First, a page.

Frost Street Apartments
Photo Courtesy of Curtis + Ginsberg Architects. Photo: John Bartlestone Photography. Frost Street Apartments

Nearly six years ago, when a sudden gas explosion in Manhattan’s East Harlem neighborhood leveled two five-story apartment buildings, one of the six Calvert Lancaster buildings—a residential building abutting those buildings—remained standing.

Curtis + Ginsberg Architects, based in New York City, were the architects behind Calvert Lancaster. The firm specializes in affordable and multifamily housing, hoping to bring benefits to users and the community with every project it completes. As a LEED Silver structure, Calvert Lancaster was originally built in 2012 to emphasize energy efficiency. Designed using insulated concrete form (ICF) construction, the exterior walls were formed by pouring concrete in a rigid foam form framed with steel rebar—which is what kept it standing after the explosion.

“Everyone in Calvert Lancaster building got out fine,” says Curtis + Ginsberg Architects partner Mark Ginsberg, FAIA. “There were only a few cracks in the concrete—remarkable, considering the impact of the explosion. The ICF facing those two buildings got a little charred, but didn’t burn. It’s a good fire break, with 6 or 8 inches of solid concrete.”

A few years later, when Curtis + Ginsberg Architects was selected to design Beach Green Dunes, a multifamily project located next to an elevated subway line in Far Rockaway, N.Y., they chose ICF construction for its ability to reduce noise transfer and keep the subway sounds where they belong: outdoors.

In addition to offering structural integrity and sound absorption/reflection, ICF construction also maintains interior comfort levels in climates like the Mid-Atlantic by reducing the impact of outdoor temperatures on the indoor environment. “With ICF you can be near a window or outer wall in the winter and not be cold,” Ginsberg says.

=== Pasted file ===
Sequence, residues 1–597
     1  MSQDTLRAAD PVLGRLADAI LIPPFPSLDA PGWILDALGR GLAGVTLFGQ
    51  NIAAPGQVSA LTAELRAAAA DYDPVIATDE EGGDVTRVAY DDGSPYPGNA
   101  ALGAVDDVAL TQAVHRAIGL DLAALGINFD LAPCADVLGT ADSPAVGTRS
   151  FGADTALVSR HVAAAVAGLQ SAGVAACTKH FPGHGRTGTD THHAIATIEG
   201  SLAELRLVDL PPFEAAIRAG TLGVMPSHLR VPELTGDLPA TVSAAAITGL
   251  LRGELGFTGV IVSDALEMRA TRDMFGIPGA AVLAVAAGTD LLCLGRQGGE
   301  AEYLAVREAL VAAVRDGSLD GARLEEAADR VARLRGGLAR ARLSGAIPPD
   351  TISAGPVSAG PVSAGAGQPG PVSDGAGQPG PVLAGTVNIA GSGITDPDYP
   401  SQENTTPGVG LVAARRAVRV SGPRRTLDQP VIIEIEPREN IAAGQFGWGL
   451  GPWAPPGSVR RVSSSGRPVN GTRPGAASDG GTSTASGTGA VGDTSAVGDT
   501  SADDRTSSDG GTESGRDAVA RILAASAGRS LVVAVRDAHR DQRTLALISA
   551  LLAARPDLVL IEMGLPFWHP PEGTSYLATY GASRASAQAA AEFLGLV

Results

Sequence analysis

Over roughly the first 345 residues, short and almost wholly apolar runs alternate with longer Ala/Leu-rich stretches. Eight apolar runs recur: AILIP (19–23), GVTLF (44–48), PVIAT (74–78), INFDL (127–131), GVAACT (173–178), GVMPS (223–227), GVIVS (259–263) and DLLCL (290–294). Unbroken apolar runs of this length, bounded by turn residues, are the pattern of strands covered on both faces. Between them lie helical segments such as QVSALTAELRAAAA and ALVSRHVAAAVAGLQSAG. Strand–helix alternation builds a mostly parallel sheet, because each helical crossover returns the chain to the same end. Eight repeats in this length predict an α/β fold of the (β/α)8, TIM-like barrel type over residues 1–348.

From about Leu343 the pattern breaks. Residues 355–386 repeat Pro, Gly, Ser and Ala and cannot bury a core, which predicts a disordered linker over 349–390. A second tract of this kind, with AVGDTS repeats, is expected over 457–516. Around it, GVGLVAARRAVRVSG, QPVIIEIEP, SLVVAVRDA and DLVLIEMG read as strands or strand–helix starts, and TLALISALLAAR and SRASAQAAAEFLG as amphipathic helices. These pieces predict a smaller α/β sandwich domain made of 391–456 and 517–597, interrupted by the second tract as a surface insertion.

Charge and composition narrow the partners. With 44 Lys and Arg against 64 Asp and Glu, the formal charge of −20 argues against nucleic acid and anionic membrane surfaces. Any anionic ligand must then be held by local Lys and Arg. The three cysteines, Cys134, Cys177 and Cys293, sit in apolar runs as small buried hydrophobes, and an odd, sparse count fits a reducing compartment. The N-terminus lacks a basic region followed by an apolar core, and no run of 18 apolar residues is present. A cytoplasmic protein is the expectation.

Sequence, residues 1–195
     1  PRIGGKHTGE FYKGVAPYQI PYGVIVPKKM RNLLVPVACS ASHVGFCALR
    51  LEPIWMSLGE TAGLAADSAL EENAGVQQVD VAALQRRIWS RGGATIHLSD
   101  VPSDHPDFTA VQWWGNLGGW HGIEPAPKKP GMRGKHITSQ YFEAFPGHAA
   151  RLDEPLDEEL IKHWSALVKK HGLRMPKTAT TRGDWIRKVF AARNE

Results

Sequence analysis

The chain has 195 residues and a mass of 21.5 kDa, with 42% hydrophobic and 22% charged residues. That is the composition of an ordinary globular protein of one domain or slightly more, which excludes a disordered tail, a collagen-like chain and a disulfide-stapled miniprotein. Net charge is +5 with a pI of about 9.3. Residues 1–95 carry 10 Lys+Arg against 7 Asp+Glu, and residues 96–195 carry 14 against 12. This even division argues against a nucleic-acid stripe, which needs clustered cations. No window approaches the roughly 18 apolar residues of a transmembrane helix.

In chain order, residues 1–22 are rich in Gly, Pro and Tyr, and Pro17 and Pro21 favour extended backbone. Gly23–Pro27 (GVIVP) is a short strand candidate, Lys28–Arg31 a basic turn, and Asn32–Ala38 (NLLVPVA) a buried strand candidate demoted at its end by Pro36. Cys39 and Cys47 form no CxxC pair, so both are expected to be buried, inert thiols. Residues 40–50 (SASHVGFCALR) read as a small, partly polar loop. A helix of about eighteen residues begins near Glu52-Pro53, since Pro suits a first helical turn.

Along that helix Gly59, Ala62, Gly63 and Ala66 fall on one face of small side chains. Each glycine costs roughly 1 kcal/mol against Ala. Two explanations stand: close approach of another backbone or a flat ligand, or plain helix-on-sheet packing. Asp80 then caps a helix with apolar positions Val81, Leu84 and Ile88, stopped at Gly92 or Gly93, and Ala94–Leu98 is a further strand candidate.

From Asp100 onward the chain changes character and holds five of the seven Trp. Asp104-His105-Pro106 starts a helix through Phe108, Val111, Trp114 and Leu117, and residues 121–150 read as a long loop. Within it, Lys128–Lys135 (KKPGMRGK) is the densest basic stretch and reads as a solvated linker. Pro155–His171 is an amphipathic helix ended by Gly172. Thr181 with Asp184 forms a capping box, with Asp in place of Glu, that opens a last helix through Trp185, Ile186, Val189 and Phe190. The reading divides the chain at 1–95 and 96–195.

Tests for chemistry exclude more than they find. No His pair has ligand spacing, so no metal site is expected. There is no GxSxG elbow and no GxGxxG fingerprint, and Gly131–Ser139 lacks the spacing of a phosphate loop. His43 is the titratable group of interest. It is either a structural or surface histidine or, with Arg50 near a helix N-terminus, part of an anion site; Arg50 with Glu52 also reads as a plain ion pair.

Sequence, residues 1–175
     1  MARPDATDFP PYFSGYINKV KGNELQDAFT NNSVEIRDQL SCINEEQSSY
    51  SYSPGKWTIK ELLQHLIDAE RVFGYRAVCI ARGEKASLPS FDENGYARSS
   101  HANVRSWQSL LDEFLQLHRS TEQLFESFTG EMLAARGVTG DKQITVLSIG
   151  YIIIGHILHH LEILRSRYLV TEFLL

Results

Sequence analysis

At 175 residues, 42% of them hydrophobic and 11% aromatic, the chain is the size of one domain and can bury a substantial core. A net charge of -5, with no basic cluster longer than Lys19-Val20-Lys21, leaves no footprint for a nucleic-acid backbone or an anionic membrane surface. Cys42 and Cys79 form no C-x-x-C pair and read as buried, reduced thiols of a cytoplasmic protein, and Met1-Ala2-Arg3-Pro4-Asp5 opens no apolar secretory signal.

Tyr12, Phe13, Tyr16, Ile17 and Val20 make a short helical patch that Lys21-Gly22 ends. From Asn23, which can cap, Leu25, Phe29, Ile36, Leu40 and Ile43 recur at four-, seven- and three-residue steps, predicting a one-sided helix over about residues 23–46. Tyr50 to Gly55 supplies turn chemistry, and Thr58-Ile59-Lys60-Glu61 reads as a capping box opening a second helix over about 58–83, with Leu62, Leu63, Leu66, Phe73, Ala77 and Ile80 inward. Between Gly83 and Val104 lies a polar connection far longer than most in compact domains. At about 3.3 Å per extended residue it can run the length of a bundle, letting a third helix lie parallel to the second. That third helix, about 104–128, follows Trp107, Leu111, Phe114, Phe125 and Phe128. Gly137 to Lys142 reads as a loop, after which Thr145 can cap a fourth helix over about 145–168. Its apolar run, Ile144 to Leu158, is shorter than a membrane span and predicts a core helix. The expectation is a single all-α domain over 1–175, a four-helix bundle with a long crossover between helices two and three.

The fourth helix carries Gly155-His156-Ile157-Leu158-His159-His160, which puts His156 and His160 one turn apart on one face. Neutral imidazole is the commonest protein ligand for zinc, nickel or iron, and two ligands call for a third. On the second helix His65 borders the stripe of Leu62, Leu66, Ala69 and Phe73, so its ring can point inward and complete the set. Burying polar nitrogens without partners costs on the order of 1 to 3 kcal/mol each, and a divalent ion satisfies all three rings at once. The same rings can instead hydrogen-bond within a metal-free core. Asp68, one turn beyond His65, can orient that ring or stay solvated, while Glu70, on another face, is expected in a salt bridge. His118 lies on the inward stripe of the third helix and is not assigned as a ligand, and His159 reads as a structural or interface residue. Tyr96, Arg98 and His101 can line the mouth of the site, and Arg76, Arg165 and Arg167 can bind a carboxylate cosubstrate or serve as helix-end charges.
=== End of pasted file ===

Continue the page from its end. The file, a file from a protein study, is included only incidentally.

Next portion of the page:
In fact, Ginsberg uses ICF construction in his New York City designs more than nearly any other architect—and he chooses this approach when possible for several reasons.

“ICF provides a simple way to build an energy-efficient, cost-effective envelope,” he explains, which has helped Curtis + Ginsberg Architects achieve LEED and Passive House certification for several building projects.

Frost Street Apartments
Photo Courtesy of Curtis + Ginsberg Architects. Photo: John Bartlestone Photography. Frost Street Apartments

Because ICF blocks not only serve as the building’s structure but also as the insulation and air/vapor barrier, Ginsberg says they lessen the number of building materials needed to complete projects, which can decrease timelines and the number of trades and construction steps necessary as well. “Once ICF blocks are up, you’re much further along in the process than with wood or traditional concrete,” he says.

Contractors can find value in this as well, using ICF blocks because they’re light and fast to install. No heavy equipment is needed, and fewer laborers are required. As a result, contractors can maximize their resources and get more work done in a shorter amount of time.

Ginsberg also appreciates that it can be used to create nearly any design aesthetic: modern, traditional, Gothic, etc. “Any type of building typically done in a block bearing wall can be done in ICF. There’s nearly endless design flexibility.”

To learn more about designing with ICF, visit BuildWithStrength.